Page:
Bill Would Crack Down on Augusta’s Revolving Door Culture


Rep. John Andrews (R-Paris) wants to close the lawmaker-to-lobbyist pipeline that keeps much of Maine’s political class employed and on the take.

LD 521, “An Act to Prevent Political Patronage with Regard to State Legislators,” would place new restrictions on the kinds of jobs ex-lawmakers can take once they leave the legislature.

The law wouldn’t take effect until the next legislature, but under the bill that class of lawmakers would be prohibited from taking a job at a state agency for fours years after their elected position ended.

The bill would also apply to any non-profit that relies on government funding to operate.

The problem the bill seeks to address is one that has been endemic to Augusta’s culture for years.

While the job of a Maine state lawmaker is not a high paying one, the relationships one makes — and the favors one hands out — can often lead to lucrative post-legislative employment lobbying for one of Maine’s major law firms.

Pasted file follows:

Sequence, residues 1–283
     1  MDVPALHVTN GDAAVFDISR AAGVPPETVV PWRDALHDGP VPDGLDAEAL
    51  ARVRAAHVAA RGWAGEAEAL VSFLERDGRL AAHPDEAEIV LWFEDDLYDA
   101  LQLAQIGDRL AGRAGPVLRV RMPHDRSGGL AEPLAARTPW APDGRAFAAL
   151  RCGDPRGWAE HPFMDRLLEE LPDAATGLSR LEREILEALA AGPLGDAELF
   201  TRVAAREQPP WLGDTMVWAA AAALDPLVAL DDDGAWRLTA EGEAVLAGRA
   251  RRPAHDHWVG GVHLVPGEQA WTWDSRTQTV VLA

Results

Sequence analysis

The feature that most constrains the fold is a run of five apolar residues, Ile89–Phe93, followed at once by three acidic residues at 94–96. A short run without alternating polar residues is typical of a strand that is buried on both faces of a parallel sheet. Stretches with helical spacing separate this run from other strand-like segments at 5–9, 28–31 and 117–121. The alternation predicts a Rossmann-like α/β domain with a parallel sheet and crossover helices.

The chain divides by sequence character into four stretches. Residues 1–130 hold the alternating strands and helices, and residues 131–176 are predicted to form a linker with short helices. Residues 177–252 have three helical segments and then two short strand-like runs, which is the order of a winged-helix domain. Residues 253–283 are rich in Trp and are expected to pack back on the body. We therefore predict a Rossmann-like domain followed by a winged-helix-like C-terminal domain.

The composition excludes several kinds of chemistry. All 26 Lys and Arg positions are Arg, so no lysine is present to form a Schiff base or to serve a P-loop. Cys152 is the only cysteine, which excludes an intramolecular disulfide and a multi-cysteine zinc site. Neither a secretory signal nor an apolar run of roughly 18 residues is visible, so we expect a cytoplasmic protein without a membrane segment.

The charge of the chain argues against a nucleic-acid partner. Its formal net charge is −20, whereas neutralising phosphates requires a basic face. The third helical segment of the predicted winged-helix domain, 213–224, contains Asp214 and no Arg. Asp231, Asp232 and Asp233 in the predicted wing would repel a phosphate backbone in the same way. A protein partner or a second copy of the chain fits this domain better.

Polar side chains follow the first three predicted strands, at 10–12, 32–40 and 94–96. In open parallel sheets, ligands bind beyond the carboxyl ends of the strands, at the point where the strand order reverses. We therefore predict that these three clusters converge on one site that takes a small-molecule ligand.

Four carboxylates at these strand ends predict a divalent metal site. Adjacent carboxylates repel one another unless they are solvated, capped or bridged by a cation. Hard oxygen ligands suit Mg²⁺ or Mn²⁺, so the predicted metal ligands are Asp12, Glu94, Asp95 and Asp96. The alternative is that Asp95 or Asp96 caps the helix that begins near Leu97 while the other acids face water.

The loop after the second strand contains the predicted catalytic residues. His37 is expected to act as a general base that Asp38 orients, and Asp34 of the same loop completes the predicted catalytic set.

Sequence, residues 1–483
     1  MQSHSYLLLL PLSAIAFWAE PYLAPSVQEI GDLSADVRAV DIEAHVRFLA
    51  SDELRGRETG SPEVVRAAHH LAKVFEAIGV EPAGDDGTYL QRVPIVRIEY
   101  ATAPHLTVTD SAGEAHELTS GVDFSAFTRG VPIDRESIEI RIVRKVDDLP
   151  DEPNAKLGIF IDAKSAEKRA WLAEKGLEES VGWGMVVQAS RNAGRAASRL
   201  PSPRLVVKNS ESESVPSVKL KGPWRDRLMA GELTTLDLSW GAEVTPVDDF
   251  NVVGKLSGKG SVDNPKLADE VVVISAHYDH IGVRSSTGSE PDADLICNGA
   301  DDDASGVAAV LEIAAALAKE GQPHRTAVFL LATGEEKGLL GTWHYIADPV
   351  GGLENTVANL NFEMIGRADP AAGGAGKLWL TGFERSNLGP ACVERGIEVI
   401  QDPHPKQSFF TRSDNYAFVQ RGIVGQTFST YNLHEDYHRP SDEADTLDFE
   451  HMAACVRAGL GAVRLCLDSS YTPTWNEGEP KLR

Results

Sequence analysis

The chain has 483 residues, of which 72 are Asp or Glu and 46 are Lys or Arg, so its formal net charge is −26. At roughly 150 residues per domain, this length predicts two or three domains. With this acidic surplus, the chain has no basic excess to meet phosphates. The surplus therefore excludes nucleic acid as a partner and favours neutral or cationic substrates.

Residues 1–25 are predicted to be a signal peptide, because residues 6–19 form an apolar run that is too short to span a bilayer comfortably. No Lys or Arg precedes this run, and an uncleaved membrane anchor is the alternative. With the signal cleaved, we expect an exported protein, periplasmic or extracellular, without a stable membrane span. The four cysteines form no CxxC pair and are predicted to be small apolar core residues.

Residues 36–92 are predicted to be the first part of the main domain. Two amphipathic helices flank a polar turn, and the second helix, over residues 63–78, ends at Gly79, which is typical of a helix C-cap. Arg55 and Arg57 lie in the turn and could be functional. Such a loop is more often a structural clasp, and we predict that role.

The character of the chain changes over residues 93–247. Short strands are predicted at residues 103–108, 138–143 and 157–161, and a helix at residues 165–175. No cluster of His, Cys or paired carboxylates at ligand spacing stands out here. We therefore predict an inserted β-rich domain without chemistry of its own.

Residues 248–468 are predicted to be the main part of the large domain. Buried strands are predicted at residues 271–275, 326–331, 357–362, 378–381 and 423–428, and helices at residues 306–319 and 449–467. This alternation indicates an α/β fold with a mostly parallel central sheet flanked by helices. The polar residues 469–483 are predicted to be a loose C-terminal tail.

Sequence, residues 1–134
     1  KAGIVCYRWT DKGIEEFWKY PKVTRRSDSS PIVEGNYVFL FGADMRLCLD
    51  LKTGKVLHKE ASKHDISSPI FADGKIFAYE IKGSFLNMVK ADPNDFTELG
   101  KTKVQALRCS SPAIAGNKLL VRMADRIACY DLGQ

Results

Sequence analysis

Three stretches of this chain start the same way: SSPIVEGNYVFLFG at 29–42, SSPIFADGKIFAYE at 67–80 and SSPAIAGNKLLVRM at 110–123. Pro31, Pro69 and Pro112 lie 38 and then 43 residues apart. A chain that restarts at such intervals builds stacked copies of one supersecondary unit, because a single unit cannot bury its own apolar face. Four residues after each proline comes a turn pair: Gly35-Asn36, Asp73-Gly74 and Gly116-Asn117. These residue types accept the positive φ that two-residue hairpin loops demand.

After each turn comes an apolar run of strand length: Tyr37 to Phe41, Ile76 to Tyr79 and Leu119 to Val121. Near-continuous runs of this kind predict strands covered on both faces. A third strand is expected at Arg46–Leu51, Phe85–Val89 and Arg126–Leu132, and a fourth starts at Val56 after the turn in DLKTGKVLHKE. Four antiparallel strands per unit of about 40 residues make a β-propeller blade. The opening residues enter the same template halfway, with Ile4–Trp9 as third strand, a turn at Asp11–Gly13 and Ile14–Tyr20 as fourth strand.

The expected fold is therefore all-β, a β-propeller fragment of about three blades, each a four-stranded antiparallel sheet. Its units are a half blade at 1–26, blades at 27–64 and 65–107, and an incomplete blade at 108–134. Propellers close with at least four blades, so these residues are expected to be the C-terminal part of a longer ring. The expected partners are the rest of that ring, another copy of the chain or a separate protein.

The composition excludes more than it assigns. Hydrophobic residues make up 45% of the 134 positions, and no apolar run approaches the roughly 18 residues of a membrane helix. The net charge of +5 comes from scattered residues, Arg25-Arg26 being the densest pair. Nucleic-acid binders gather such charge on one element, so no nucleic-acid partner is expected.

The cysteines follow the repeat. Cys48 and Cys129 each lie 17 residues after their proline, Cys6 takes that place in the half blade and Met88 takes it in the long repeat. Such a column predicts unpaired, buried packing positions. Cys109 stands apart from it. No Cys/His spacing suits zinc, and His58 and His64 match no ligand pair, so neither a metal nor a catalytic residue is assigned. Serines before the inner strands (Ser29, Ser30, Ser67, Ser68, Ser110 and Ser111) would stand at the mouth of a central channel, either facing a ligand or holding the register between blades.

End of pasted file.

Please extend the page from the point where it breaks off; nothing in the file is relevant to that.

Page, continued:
Even more job opportunities can be found for the well-connected ex-lawmaker in Maine’s sprawling field of government-tied nonprofits.

Andrews’ bill would be enforced by the Commission on Governmental Ethics and Election Practices.

The plan has a host of co-sponsors, including Sens. Eric Brakey (R-Androscoggin) and Peter Lyford (R-Penobscot); and Reps. David Boyer (R-Poland), Randall Greenwood (R-Wales), Dave Haggan (R-Hampden), and Walter Riseman (I-Harrison).


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